Power Distribution Switch 140 is a switching matrix that is configured to distribute power to selected subsystems in response to state information from State Machine 130 such that power to various subsystems is alternately toggled.

Selectable Oscillator 150 is configured to generate a clock when activated. In one embodiment, Selectable Oscillator 150 is configured to close switching circuit 154 such that power is applied to Oscillator 152. Opening switching circuit 154 causes power to be removed from Oscillator 152 such that the oscillator is disabled and power is conserved.

To illustrate, a user who wants to “turn on” a device (containing system 100) can press a key on the device. Interface 110 detects the keypress and signals the event and its type (e.g., event type=“keypress”). State Machine 130 (which currently lacks a clock signal) activates switching circuit 154 in response to the event. Selectable Oscillator 150 generates a clock signal in response to the application of power from switching circuit 154. State Machine 130 may traverse through various states, and during each traversed state apply power to (or power remove from) various subsystems in response to state information. After State Machine 130 reaches a terminal state, it directs switching circuit 154 to remove power from Selectable Oscillator 150 to conserve power.

When the user wants to “turn off” the device (containing system 100), the user can press a key on the device. Interface 110 detects the keypress and signals the event and its type. State Machine 130 (which currently lacks a clock signal) activates switching circuit 154 in response to the event. Selectable Oscillator 150 generates a clock in response to the application of power from switching circuit 154. State Machine 130 may traverse through various states, and during each traversed state remove power from (or apply power to) various subsystems in response to state information. After State Machine 130 reaches a terminal state, it directs switching circuit 154 to remove power from Selectable Oscillator 150 to conserve power.

To further illustrate the operation of system 100, an incoming call can be detected by communications port 114. Interface 110 signals the incoming call event. State Machine 130 (which currently lacks a clock signal) activates switching circuit 154 in response to the event. Selectable Oscillator 150 generates a clock in response to the application of power from switching circuit 154. State Machine 130 may traverse through various states, and during each traversed state apply power to (or power remove from) various subsystems in the device to handle the incoming call. After State Machine 130 reaches a terminal state, it directs switching circuit 154 to remove power from selectable Oscillator 150 to conserve power.

FIG. 2 shows a schematic of an example oscillator in accordance with the present invention. Oscillator 200 includes Power Input Buffer 210, Ring Oscillator 220, and Frequency Divider 230. A control terminal of Power Input Buffer 210 is coupled to an output of State Machine 130. A power output of Power Input Buffer 210 is coupled to the power input of Ring Oscillator 220. The output of Ring Oscillator 220 is coupled to the input of Frequency Divider 230. The output of Frequency Divider 230 is coupled to a clock input of State Machine 130.

Power Input Buffer 210 is configured to selectively apply power to the ring portion of Ring Oscillator 220 in response to a control signal (enosc) received from State Machine 130. Removing power from the ring portion prevents a clock signal from being generated, which conserves power. (In CMOS circuits, power dissipation is proportional to frequency.) Ring Oscillator 220 is configured to produce a ring clock signal response to the applied power. Frequency Divider 230 is configured to produce a lower frequency clock signal in response to the ring clock signal. The lower frequency clock signal may be divided further or used to directly drive a clock input of State Machine 130.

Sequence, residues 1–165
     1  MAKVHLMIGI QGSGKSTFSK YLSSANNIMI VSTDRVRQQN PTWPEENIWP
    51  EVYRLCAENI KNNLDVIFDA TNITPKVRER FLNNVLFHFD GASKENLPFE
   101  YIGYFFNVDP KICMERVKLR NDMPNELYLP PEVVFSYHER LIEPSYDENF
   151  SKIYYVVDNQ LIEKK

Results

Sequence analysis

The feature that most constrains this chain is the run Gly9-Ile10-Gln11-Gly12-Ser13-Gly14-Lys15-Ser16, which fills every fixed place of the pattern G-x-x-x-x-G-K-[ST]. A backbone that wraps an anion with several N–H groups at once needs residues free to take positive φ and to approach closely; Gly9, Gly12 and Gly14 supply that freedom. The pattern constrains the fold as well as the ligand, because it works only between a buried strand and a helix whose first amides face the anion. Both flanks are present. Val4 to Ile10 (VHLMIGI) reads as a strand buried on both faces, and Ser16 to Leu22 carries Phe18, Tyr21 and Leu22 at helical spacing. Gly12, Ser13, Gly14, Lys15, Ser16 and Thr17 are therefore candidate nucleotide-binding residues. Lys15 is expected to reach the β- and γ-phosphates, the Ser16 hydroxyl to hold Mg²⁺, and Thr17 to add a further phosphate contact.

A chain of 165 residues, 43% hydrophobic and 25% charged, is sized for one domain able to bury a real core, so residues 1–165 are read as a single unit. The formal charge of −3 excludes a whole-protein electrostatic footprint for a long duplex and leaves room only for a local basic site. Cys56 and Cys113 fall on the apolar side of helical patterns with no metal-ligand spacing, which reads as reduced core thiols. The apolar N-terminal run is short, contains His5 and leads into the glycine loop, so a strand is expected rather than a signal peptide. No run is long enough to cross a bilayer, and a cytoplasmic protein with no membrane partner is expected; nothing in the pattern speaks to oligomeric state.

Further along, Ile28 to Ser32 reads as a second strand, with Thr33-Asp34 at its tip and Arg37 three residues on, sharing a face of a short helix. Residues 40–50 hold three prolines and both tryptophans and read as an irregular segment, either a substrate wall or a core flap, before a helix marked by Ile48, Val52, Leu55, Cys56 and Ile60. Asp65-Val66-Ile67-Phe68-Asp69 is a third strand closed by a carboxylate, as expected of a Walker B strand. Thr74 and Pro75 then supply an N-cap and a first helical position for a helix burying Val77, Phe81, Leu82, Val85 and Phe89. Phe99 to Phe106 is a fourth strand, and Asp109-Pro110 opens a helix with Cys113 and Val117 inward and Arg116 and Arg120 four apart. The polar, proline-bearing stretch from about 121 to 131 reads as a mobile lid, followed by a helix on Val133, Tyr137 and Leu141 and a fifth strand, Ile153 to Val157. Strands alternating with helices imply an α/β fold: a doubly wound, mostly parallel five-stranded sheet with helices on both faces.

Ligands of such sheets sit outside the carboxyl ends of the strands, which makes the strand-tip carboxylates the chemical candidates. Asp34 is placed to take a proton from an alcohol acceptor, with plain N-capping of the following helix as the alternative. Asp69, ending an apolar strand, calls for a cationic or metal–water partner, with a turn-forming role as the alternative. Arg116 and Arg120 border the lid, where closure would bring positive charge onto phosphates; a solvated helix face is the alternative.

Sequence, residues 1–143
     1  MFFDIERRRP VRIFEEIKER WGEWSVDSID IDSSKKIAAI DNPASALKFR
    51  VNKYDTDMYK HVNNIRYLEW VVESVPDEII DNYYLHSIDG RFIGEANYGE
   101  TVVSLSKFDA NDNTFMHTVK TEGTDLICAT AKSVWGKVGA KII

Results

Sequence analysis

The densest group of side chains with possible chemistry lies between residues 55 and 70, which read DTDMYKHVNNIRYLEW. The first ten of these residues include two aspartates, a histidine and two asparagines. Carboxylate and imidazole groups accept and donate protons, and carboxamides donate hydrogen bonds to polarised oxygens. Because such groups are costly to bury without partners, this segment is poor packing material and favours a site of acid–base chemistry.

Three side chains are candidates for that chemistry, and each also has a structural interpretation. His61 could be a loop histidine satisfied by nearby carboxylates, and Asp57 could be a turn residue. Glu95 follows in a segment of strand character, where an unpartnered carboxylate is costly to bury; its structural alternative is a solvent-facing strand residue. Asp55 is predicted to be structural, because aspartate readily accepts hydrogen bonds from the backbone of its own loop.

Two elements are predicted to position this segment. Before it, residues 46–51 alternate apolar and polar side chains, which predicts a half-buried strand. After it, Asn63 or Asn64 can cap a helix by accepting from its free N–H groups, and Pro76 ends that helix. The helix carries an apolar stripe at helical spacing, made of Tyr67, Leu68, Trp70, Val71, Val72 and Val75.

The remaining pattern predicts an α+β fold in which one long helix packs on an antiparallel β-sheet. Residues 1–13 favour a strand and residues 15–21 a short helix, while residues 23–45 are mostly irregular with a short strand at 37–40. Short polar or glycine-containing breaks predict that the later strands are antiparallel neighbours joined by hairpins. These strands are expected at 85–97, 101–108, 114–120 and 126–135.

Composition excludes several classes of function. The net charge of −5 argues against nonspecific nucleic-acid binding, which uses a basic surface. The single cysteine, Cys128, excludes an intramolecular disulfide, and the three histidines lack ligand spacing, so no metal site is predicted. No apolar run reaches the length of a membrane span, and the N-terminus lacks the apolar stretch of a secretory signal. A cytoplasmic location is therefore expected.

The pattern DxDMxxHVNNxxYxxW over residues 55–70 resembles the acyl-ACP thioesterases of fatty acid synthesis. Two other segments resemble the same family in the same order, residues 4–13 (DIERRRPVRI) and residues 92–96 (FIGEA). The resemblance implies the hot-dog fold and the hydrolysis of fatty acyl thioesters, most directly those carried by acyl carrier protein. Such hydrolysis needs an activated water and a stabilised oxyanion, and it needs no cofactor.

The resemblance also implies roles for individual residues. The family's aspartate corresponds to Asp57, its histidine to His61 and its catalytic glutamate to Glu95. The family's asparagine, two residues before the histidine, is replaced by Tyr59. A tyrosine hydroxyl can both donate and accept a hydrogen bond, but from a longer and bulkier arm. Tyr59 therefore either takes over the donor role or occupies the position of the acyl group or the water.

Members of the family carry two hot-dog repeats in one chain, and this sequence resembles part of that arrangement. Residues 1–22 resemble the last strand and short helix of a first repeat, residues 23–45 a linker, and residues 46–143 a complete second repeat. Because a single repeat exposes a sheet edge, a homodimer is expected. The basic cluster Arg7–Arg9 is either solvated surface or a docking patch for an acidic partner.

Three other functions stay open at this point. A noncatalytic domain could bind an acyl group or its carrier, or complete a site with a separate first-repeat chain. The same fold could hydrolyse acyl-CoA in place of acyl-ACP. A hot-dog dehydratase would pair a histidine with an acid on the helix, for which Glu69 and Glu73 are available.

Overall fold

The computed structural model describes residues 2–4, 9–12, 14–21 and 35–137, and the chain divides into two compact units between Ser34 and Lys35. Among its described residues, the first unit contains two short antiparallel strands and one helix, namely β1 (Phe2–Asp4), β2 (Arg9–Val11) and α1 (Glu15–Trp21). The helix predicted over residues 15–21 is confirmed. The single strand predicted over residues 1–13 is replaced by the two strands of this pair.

Components described herein may be formed by using discrete components or by using a combination of hardware and algorithms (software). These components may include a processor such as a microcontroller, microprocessor, state machine, combinatorial logic, a combination of these, and the like. The system may be implemented using the same integrated circuit or using a combination of different integrated circuits.

Other embodiments of the invention are possible without departing from the spirit and scope of the invention. For example, switching circuit 154 can be placed between Oscillator 152 and a power supply reference that is different from the first power supply reference. Alternatively, switching circuit 154 can be used to control the application of power to a portion (that is less than the whole) of Oscillator 150. Additionally, control logic for switching circuit 154 can be provided such that power is automatically applied to Oscillator 150 whenever a system event is detected that requires the use of State Machine 130.

The above specification, examples and data provide a complete description of the manufacture and use of the composition of the invention. Since many embodiments of the invention can be made without departing from the spirit and scope of the invention, the invention resides in the claims hereinafter appended.

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Referenced by
Citing PatentFiling datePublication dateApplicantTitle
US7750684 *Apr 18, 2008Jul 6, 2010Nanya Technology Corp.Power-on detection circuit for detecting minimum operational frequency
US8044691 *May 21, 2010Oct 25, 2011Nanya Technology Corp.Method for detecting minimum operational frequency
US8791731 *Mar 15, 2012Jul 29, 2014Samsung Electronics Co., Ltd.Reset circuit and method of portable terminal
US20120235715 *Mar 15, 2012Sep 20, 2012Samsung Electronics Co. Ltd.Reset circuit and method of portable terminal
Classifications
U.S. Classification455/574, 455/344, 331/158, 455/343.2, 455/127.5, 331/57, 713/501, 455/345, 713/322, 327/108, 327/143, 713/324, 455/343.1, 455/180.3, 331/74, 331/96, 327/156
International ClassificationH04M1/00, H04B1/38
Cooperative ClassificationH04B1/1615, H04W52/029, H04W52/0258, H04W52/0254, H04W52/0283
European ClassificationH04W52/02, H04B1/16A2
Legal Events
DateCodeEventDescription
Oct 3, 2002ASAssignment
Owner name: NATIONAL SEMICONDUCTOR CORPORATION, CALIFORNIA
Free format text: ASSIGNMENT OF ASSIGNORS INTEREST;ASSIGNORS:BROWN, GARY A.;HOROVITZ, NEAL LANE;REEL/FRAME:013365/0627
Effective date: 20021002
Aug 21, 2007CCCertificate of correction
Aug 27, 2010FPAYFee payment
Year of fee payment: 4
Jul 25, 2014FPAYFee payment
Year of fee payment: 8